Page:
The role of interictal spikes, however, is not as straightforward as indicated by the results reviewed above. Early experiments performed using focal discharges induced in vivo by convulsant drugs showed that interictal discharges sometimes accelerate before the onset of seizure (1). Moreover, initial studies in the kindling model suggested that interictal spikes become more frequent as the kindling process evolves and may increase prior to the appearance of spontaneous seizures (25,26). This evidence, however, was not confirmed by continuously monitoring of the EEG in kindled animals (27). More recently, analysis of the epileptiform activity induced by 4-aminopyridine in the EC revealed that local interictal spikes, which are largely contributed by GABAA receptor-mediated conductances, lead to electrographic seizure onset (4). As illustrated in Figure 2 (A and B panels), the onset of an ictal discharge recorded intracellularly from EC neurons is characterized by a long-lasting depolarization, resembling what is seen during an interictal event generated within the EC network. The similarity between the local interictal discharge and the event recorded at seizure onset is further supported by evidence showing that ictal discharge onset consists of a hyperpolarization when the neuron is depolarized with steady current injection (Figure 2C). Thus, in this in vitro model of limbic seizures, ictal depolarizations paradoxically originate from a hyperpolarizing event. Interictal spiking also has been observed ahead of ictal discharges in the isolated guinea pig brain preparation during short-lasting bicuculline treatment (15). Hence, interictal spikes may exert either a protective or precipitating role with respect to seizure generation.
Interictal spiking is the first sign of an epileptic discharge appearing after status epilepticus (SE) in animals committed to develop seizures (28–30). However, it is unknown whether this activity reflects an altered neuronal network unable to impede the ongoing epileptogenic process or a sign of incipient seizure activity. Moreover, investigators ignore whether and how interictal discharges change in their occurrence, shape, and underlying mechanisms during the period that follows SE. Indeed, after pilocarpine-induced SE, CA3-driven interictal activity in unable to control ictal discharges recorded during 4-aminopyridine treatment: electrographic seizures originating in the epileptic EC occur throughout the experiment, while they disappear in slices from nonepileptic control animals (31). In contrast, the kindling phenomenon and the development of mirror foci suggest that activity-dependent changes in synaptic transmission along with formation of new synaptic connections represent potential epileptogenic factors. In this context, recurrent interictal events could play a role in epileptogenesis, perhaps through the induction of activity-dependent synaptic plasticity mechanisms.
A point that merits critical evaluation is the assessment of mechanisms underlying the impairment of hippocampal networks generating interictal activity after SE. It is known that TLE patients display mesial temporal (or Ammon's horn) sclerosis. This condition, which is characterized by a rather selective loss of neurons in specific limbic areas (32,33), also is found in animal models of TLE (34–36). Experimental evidence suggests that in the presence of Ammon's horn sclerosis, both cell loss and the consequent synaptic reorganization contribute to epileptogenesis (37–40). In the model of self-sustaining SE, lesions are extensive in the hippocampus and CA3 pyramidal cells numbers are reduced to approximately 50% of control values (41). However, in spite of such damage, the hippocampus is still able to generate interictal spikes (29). A decrease in hippocampal network function associated with cell damage also occurs in pilocarpine-treated epileptic animals (31,4). Recurrent limbic seizures persist in this model when mossy fiber sprouting, but not neuronal damage, is reduced by protein synthesis inhibition (42). Therefore, neuronal damage after SE may play a role in epileptogenesis.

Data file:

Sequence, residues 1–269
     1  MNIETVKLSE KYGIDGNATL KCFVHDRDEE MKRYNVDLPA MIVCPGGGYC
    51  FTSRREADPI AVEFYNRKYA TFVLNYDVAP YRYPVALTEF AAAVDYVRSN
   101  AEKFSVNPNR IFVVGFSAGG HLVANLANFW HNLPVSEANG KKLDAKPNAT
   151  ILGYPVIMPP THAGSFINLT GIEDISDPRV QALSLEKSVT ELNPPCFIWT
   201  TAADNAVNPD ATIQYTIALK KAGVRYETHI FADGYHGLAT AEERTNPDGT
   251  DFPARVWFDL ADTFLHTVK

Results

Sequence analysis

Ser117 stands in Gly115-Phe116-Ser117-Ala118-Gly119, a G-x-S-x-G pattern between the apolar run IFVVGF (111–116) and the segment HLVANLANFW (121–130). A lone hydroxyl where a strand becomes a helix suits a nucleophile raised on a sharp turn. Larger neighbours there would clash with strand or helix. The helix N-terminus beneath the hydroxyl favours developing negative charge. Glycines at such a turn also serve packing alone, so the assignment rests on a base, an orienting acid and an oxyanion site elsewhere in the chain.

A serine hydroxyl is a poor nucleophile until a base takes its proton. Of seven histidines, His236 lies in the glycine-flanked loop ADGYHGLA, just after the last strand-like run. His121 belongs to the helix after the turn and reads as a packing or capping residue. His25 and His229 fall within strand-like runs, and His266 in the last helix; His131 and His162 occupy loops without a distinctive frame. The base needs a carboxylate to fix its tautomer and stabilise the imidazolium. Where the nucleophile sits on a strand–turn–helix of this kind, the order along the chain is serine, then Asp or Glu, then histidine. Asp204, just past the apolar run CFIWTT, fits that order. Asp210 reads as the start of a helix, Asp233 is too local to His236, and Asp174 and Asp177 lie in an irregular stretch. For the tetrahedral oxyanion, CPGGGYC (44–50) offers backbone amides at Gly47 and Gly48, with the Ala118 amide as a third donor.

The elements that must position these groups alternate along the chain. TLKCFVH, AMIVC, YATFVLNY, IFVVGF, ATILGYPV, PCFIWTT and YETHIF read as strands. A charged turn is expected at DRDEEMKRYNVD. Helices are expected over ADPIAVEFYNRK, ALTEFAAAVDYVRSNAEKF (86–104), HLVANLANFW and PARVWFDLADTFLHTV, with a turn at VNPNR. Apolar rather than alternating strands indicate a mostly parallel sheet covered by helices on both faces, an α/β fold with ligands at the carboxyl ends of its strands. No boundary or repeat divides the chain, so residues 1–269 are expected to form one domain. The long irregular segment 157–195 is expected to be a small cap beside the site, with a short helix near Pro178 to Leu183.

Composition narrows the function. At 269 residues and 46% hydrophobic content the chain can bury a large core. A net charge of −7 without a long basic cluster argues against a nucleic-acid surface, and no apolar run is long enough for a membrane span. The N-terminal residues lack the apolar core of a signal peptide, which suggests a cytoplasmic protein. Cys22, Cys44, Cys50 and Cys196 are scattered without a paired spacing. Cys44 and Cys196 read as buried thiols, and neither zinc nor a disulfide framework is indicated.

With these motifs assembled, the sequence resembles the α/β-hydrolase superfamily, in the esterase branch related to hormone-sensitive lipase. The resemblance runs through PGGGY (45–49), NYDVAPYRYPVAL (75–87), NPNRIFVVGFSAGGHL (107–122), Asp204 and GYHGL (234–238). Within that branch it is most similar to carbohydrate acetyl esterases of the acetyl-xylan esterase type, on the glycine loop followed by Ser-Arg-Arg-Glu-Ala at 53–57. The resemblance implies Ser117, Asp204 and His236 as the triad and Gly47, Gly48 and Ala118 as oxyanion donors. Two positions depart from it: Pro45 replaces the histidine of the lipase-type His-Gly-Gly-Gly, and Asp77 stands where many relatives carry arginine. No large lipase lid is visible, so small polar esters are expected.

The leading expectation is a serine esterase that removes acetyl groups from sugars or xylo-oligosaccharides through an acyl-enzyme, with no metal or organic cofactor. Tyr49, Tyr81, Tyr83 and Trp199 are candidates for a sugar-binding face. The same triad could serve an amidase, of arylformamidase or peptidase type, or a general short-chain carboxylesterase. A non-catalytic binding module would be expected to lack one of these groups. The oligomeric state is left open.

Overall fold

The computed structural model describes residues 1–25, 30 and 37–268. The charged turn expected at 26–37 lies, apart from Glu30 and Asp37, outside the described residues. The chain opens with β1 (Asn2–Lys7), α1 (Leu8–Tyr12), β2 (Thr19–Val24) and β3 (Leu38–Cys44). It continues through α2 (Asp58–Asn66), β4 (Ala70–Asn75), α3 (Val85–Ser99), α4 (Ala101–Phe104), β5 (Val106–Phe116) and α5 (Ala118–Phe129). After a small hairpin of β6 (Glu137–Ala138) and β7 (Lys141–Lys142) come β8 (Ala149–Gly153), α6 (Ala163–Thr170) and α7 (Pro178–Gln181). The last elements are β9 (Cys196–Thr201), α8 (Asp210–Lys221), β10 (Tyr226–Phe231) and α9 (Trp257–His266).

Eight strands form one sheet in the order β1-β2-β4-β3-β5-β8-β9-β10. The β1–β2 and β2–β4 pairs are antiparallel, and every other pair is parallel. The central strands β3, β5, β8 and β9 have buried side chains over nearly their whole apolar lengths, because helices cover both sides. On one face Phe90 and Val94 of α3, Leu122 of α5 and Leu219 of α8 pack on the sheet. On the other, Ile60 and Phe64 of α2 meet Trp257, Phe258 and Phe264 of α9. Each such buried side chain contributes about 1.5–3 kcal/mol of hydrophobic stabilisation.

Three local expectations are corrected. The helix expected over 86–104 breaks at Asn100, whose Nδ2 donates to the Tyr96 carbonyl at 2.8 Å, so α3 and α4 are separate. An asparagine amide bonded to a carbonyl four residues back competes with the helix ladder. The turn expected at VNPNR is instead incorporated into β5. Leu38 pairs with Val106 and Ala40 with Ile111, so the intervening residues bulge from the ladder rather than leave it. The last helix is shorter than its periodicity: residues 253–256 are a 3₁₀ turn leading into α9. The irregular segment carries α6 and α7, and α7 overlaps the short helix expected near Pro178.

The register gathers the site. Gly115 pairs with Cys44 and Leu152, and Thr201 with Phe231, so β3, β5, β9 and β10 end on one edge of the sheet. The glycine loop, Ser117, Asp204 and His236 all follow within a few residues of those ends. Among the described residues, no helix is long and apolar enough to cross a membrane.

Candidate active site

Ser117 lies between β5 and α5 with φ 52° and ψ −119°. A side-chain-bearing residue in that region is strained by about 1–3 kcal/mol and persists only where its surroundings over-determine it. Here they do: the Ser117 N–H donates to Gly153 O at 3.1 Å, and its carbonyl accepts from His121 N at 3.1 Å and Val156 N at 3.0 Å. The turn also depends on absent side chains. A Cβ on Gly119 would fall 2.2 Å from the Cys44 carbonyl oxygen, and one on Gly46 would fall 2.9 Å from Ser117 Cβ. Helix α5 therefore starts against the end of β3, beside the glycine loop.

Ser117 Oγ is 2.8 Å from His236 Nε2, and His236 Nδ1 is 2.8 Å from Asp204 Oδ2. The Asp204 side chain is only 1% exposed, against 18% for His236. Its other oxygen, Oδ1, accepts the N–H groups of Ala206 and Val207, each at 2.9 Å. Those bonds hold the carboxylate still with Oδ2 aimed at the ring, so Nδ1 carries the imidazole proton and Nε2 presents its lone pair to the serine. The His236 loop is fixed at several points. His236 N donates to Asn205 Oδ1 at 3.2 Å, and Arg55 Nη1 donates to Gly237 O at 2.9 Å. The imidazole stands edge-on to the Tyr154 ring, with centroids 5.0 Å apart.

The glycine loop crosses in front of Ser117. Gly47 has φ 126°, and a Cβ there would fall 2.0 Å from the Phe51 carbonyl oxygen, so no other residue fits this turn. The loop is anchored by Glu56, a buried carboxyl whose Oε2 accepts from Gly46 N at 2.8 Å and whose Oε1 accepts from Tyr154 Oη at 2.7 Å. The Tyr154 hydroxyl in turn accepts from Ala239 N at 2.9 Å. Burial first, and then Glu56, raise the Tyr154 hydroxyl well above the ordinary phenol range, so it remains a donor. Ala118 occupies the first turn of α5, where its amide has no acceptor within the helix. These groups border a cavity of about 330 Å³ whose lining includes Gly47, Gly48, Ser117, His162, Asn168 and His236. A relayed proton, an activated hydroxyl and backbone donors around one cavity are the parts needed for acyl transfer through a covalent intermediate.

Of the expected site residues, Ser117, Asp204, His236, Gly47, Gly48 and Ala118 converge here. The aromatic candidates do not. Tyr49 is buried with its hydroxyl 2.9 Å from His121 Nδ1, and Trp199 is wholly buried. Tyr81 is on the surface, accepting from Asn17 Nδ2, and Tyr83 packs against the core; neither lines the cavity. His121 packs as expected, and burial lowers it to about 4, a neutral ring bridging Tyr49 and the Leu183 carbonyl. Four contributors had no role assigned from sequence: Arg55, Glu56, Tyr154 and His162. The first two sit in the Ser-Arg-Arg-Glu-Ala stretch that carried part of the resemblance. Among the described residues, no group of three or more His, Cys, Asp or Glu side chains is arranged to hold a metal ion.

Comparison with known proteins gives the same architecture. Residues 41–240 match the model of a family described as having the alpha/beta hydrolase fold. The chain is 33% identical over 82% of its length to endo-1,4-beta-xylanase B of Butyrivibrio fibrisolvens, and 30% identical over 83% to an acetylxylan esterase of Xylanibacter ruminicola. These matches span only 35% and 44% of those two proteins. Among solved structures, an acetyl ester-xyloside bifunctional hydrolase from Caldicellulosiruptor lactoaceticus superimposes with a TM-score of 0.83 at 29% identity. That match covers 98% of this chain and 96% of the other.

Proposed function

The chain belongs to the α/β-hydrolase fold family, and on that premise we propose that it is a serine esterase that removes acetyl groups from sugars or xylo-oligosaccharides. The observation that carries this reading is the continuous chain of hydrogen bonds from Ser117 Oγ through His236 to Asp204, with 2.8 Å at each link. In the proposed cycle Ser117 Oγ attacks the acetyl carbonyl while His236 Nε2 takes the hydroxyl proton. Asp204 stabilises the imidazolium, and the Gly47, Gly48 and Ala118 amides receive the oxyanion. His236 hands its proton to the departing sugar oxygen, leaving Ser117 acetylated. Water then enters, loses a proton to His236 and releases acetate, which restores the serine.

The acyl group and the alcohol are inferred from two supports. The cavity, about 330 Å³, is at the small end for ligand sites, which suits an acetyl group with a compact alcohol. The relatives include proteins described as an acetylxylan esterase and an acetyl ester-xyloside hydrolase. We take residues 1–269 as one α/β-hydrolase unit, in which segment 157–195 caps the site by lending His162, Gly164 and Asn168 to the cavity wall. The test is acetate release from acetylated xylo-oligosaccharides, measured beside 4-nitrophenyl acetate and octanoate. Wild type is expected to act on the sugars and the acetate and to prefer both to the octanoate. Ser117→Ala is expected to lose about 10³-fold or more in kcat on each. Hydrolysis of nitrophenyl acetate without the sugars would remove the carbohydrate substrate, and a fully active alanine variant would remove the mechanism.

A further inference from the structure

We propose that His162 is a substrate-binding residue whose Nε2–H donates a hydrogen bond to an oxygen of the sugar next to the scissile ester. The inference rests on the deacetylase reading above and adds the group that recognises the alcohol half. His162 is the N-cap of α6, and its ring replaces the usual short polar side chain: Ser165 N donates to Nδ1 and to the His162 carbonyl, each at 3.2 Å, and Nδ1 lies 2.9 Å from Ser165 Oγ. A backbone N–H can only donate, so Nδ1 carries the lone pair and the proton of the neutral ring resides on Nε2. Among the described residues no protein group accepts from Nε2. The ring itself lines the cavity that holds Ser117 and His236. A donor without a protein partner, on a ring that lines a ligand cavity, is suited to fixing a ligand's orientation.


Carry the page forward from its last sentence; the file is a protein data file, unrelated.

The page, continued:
In line with the hypothesis that neuronal damage may influence epileptogenesis following SE, cell damage and synapse loss in the CA3/CA1 areas of pilocarpine-treated animals appear to be associated with decreased control exerted on EC excitability by hippocampal output activity. Moreover, it recently has been shown that decreased hippocampal output activity in epileptic animals reflects a diminished excitatory transfer to CA3 pyramidal cells (43,44). The hypothesis has been tested with intrinsic optical signal imaging of the stimulus-induced responses in slices of pilocarpine-treated epileptic rats, demonstrating that intrinsic optical signals in CA3 were lower than in nonepileptic control slices following dentate gyrus stimulation. However, comparable responses were observed in both epileptic and nonepileptic animals when stimuli were delivered directly in CA3 (45). This decreased network-driven excitation may affect the ability of CA3 to generate effective interictal outputs that are able to control epileptiform synchronization in the EC, thus contributing to epileptogenesis.
The control of EC epileptiform excitability by hippocampal output activity suggests that interictal discharges may interfere with ictal events. If true, rhythmic, low-frequency stimulation of an epileptic brain may protect against seizures. This evidence, however, is at odds with what has been obtained in some models of epileptiform discharge, in which interictal events lead to electrographic seizures. The discrepancy may be explained by viewing interictal spiking as a heterogeneous phenomenon that reflects the involvement of different neuronal networks and mechanisms (e.g., synaptic conductances) in different regions of an epileptic brain. Finally, detailed studies of interictal spiking occurring after SE are required before attempting to establish its role in epileptogenesis.
This study was supported by grants from the Canadian Institutes of Health Research (CIHR; grant 8109), the Mariani Foundation (grant 06-50), the Savoy Foundation for Epilepsy, and Citizens United for Cure in Epilepsy (CURE).